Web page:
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King Arthur establishes the greatest reign England has ever seen, and along for the ride are his indispensable Knights of the Round Table, particularly Sir Lancelot. Then, Arthur finds himself a bride, the beautiful Guenivere. While she loves Arthur, she also loves Lancelot and though Lancelot repeatedly fights it, he loves her, too. Treachery is brewing as the evil Morgan le Fay and her knight Sir Modred work to trap them. So begins the decline and eventual fall of Arthur and Camelot. Written by
The first film in CinemaScope which was not produced by 20th Century-Fox. See more »
References to England are incorrectly regarded as goofs. The first known use of "England" occurred in 897. If King Arthur had been a 'real' king, he would have lived around the 5th or 6th centuries, however, it is more as a Middle Ages knight that he is presented in literature -- and in this movie. Knights in suits of armor (as portrayed in this film) began to appear in the early 15th century. See more »
A stirring tale of knights, chivalry, and the days of the Round Table in the time of King Arthur is brought to the screen with full pomp and pageantry.
The legend of King Arthur has been told, and retold, by movie makers several times. This may have been one of the first tellings, using Technicolor coupled with Cinemascope and drawing heavily upon the pageantry of the days of chivalry and knighthood in England. The story is simple, relating the coming of the throne of his country by Arthur Pendragon, and his attempts to establish justice and peace in the war-torn, divided land he called England. His efforts are to no avail, as there is simply too much greed and distrust among the small kingdoms of the country to allow the rule of one person, but this film has some fun in the citing of the Arthurian legend.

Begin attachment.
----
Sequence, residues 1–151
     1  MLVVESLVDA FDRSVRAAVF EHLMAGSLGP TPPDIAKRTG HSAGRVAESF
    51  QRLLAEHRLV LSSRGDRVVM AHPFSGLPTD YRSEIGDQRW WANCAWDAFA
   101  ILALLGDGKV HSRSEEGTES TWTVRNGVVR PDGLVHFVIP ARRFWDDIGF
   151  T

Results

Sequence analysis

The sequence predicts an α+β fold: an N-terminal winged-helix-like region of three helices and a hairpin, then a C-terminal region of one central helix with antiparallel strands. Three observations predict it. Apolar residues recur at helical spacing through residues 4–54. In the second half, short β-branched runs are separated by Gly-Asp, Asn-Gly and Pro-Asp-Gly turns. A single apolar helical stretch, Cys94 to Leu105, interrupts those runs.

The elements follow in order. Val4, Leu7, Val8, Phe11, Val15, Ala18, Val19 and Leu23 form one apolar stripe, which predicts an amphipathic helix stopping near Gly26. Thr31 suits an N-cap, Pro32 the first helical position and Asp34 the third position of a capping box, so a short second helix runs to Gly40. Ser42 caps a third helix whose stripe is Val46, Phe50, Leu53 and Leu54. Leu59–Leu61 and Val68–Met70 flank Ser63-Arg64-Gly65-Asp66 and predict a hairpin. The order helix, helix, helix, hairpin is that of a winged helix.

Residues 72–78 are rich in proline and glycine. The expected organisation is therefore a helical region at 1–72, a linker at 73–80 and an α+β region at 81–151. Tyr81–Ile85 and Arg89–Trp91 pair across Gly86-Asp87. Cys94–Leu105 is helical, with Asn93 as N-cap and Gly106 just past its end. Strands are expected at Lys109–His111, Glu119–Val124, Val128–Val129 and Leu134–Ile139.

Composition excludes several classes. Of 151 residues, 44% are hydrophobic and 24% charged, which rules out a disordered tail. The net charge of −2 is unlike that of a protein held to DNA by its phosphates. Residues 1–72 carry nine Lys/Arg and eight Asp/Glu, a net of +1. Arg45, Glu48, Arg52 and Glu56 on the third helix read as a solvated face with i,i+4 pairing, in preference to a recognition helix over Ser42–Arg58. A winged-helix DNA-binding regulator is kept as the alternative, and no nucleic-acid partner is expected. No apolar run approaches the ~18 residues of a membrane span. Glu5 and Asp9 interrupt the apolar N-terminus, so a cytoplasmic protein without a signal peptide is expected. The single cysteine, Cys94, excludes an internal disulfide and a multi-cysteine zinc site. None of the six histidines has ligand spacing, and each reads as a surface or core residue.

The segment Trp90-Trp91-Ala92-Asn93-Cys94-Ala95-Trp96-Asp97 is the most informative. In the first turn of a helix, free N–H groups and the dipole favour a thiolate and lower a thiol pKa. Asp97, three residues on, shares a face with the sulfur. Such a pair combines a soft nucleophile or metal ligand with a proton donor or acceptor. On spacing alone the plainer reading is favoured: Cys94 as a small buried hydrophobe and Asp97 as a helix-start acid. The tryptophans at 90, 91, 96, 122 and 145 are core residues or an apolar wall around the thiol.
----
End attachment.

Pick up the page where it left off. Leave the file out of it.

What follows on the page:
The cast members for 1953 read like a star-studded list from MGM. Mel Ferrer portrays King Arthur, with the lovely Ava Gardner as his queen, Guinevere. Stanley Baker plays the villain in the piece, Mordred, a knight sworn to capture the throne for himself, even if it destroys the unity of England. Playing the role of the greatest knight member of the Round Table, Lancelot, was Robert Taylor, who seemed to relish the sense of justice, decency, and moral standards as no one else of the time seemed willing to do.
"Knights of the Round Table" is meant to be viewed as an enjoyable touch with the past and the days gone by. Worth a view or two.
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